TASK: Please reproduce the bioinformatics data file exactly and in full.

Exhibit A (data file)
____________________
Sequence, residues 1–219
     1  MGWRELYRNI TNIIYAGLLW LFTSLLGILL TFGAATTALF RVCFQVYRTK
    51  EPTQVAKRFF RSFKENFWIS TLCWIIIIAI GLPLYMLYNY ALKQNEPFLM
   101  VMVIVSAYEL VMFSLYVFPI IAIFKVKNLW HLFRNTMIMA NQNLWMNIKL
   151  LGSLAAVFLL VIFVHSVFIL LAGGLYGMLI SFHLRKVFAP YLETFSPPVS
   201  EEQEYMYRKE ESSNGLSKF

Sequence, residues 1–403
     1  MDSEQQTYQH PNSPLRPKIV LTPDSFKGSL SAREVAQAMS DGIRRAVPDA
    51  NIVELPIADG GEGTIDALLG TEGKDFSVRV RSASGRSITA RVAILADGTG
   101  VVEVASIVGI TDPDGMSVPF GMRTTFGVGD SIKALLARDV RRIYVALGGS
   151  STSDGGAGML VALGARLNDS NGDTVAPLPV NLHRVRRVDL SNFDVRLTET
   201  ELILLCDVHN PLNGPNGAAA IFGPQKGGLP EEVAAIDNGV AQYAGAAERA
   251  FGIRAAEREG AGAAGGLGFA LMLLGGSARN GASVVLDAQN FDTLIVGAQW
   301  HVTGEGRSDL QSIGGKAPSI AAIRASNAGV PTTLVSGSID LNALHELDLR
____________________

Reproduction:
Sequence, residues 1–219
     1  MGWRELYRNI TNIIYAGLLW LFTSLLGILL TFGAATTALF RVCFQVYRTK
    51  EPTQVAKRFF RSFKENFWIS TLCWIIIIAI GLPLYMLYNY ALKQNEPFLM
   101  VMVIVSAYEL VMFSLYVFPI IAIFKVKNLW HLFRNTMIMA NQNLWMNIKL
   151  LGSLAAVFLL VIFVHSVFIL LAGGLYGMLI SFHLRKVFAP YLETFSPPVS
   201  EEQEYMYRKE ESSNGLSKF

Sequence, residues 1–403
     1  MDSEQQTYQH PNSPLRPKIV LTPDSFKGSL SAREVAQAMS DGIRRAVPDA
    51  NIVELPIADG GEGTIDALLG TEGKDFSVRV RSASGRSITA RVAILADGTG
   101  VVEVASIVGI TDPDGMSVPF GMRTTFGVGD SIKALLARDV RRIYVALGGS
   151  STSDGGAGML VALGARLNDS NGDTVAPLPV NLHRVRRVDL SNFDVRLTET
   201  ELILLCDVHN PLNGPNGAAA IFGPQKGGLP EEVAAIDNGV AQYAGAAERA
   251  FGIRAAEREG AGAAGGLGFA LMLLGGSARN GASVVLDAQN FDTLIVGAQW
   301  HVTGEGRSDL QSIGGKAPSI AAIRASNAGV PTTLVSGSID LNALHELDLR